This consoling elegy had a mysterious genesis, as it was written by Mary Elizabeth Frye, a Baltimore housewife who lacked a formal education, having been orphaned at age three. Frye, who had never written a poem before, composed the poem on a ripped-off piece of a brown grocery bag, in a burst of compassion for a Jewish girl who had fled the Holocaust only to receive news that her mother had died in Germany. The girl was weeping inconsolably because she couldn't even visit her mother's grave. When the poem was named Britain's most popular poem in a 1996 Bookworm poll, with more than 30,000 call-in votes despite not having been one of the critics' nominations, an unlettered orphan girl had seemingly surpassed all England's many cultured and degreed ivory towerists in the public's estimation. Although the poem's origin was disputed for some time (it had been attributed to Native American and other sources), Frye's authorship was confirmed in 1998 after investigative research by Abigail Van Buren, the newspaper columnist better known as "Dear Abby." The poem has also been called "I Am" due to its rather biblical repetitions of the phrase. Frye never formally published or copyrighted the poem, so we believe it is in the public domain and can be shared, although we recommend that it not be used for commercial purposes, since Frye never tried to profit from it herself.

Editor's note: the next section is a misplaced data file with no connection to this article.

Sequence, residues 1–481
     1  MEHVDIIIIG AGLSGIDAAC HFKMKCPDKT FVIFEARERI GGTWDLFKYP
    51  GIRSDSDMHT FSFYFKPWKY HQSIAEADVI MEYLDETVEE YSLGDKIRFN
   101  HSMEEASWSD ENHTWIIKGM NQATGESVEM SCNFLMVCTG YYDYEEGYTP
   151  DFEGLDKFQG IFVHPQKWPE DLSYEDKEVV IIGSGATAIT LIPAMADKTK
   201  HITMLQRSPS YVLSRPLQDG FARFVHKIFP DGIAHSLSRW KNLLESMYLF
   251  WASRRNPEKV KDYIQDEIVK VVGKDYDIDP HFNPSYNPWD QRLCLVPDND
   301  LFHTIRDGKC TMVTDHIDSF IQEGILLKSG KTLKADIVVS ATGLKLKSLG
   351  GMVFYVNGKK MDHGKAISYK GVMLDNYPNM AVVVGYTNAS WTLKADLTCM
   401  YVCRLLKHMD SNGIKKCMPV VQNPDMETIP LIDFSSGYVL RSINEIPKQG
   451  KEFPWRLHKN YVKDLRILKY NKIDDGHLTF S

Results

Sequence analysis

The Eagle
by Alfred, Lord Tennyson

He clasps the crag with crooked hands;
Close to the sun in lonely lands,
Ring'd with the azure world, he stands.

The wrinkled sea beneath him crawls;
He watches from his mountain walls,
And like a thunderbolt he falls.

This was one of the first poems that really "grabbed" me when I started reading poetry―voluntarily at first, soon avidly―as a high school student. Pretty soon, I was "hooked" and started writing poems of my own. I included Tennyson's "The Eagle" in my first "serious" notebook of poems.―Michael R. Burch, editor, The HyperTexts

The Sick Rose
by William Blake

O Rose, thou art sick.
The invisible worm
That flies in the night
In the howling storm

Has found out thy bed
Of crimson joy,
And his dark secret love
Does thy life destroy.

William Blake may have been the most influential poet/artist of all time. If you're interested to know why, you can click here: William Blake the World's Most Influential Poet/Artist. Blake was a mystic who said that he communicated with angels and saints on a daily basis. In addition to being one of England's greatest poets, he may have been its greatest painter and engraver as well.